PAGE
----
July

Nicolas Jaar released “Telas”. This (actually his third album of 2020) was comprised of moody instrumentals that I played on the HomePod. It freaked out the cats. Or it freaked me out to the extent that I projected that on to the usual cat-like behaviours of looking slightly disdainful about everything and then running full pelt out of the room without a hint they were about to do so.

Also, “Women in Music Pt III” by HAIM. It was pretty good actually. Which is to say that, as usual, I can’t remember any of their songs after I’ve listened to them.

June

Ah, June, release date of the new Rolling Blackouts Coastal Fever album. This one was called “Sideways to New Italy” and it wasn’t as good as the previous one (“Hope Downs”, 2018), which I loved but didn’t write about on here. (Short story: we bought a house, I got anxiety about it and the songs on “Hope Downs” helped me cope.) But this time I bought all the merchandise. I OWN A RBCF TEE-TOWEL BECAUSE WHY THE HECK NOT?!!?

Also, the Hot Since 82 remix of Foals’ “Into the Surf” was stellar. Their three part remix album followed their two part not-quite-a-double album. I really wish Foals were pretentious like they used to be, not pretentious like they are now. Just go back to releasing records about the singularity guys. Oh well.

May

The best thing about “Notes on a Conditional Form” by The 1975: listening to Greta Thunberg speak her rage about the climate and then hearing the next track People roar out of the speakers. That was pretty good, made me feel alive inside again. It’s also a good way to deliver the message about climate change, not just anger but also feeling that we need to jump up and say “well actually we can do shit about this and we will”. Shame I can’t really remember the rest of the album, it’s on the to do list.

My most played track in May was “Joyride” by Roxette: IT CHEERS ME UP OK

April

What has the music of Four Tet taught me? That it’s better to dance than not. Which makes it a shame that “Sixteen Oceans” spends so much time noodling.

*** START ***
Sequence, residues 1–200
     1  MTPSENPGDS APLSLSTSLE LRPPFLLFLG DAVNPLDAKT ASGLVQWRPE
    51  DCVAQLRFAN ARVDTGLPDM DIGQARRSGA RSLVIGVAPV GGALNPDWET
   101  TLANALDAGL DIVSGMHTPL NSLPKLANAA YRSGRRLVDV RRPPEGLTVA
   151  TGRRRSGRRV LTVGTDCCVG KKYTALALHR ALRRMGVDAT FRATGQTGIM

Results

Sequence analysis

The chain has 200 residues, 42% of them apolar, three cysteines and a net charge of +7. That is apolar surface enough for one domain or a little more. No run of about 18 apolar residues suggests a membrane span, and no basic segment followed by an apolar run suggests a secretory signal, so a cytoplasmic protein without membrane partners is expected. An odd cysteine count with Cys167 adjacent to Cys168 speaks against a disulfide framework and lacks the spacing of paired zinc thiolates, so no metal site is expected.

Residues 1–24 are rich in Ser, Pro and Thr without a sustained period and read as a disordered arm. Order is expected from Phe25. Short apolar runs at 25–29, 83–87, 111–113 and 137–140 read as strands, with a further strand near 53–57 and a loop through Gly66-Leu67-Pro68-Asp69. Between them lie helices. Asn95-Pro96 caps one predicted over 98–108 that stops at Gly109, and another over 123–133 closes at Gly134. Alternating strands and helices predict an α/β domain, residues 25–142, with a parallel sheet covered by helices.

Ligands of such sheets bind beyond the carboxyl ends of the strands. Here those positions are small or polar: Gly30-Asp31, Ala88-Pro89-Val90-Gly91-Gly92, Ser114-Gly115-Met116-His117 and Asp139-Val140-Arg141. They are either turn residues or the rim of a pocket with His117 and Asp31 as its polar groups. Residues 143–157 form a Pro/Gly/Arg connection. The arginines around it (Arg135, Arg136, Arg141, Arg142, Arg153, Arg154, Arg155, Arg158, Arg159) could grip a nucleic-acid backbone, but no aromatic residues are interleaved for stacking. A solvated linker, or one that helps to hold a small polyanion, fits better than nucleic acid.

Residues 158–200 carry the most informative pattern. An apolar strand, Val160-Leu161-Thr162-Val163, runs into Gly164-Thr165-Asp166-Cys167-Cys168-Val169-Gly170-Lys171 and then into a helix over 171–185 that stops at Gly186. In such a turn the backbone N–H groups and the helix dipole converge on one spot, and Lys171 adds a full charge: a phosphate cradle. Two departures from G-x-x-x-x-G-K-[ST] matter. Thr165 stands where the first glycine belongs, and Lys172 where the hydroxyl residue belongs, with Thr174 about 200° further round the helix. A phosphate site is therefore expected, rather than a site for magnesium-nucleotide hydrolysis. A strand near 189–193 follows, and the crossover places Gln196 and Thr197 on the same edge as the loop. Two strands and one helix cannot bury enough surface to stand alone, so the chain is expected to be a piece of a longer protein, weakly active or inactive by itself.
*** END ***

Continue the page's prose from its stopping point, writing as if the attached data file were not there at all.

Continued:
I enjoyed the “ChangesNowBowie” compilation a lot this month too. I felt for a while like actually learning the words to The Man Who Sold The World might be my pandemic hobby, but then if I did that I’d probably have to learn to play the guitar afterwards or something…

March

I turned 40 in March. There was an Orb album to celebrate! And it was actually pretty decent, which was nice.

I also played the entire soundtrack album of the double episode of Star Trek the next generation where Picard gets kidnapped by the Borg. It was pretty sinister. And I did it before the lockdown, so before sinister was cool. So ner.

February

In February, I played a lot of Haydn - I have no idea why. It was the before-times, we did things differently back then. But seriously, a whole lot of Haydn. A Haydn to nothing, I suppose.

There were also albums I quite liked by Tame Impala (a band for whom the phrase “quite like” was invented) and The Orioles (“Disco Volador”). “Bobbi’s Second World”, which is about their cat, is one of my favourite songs of the year.

January

2020 began so promisingly, with a not-that-shit Pet Shop Boys album (“Hotspot”) and a surprisingly fresh (as always) album by Wire (“Mind Hive”). How little we knew, eh?

· Album Digest, Music, Twenty

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Richard Powers, Orfeo ⇢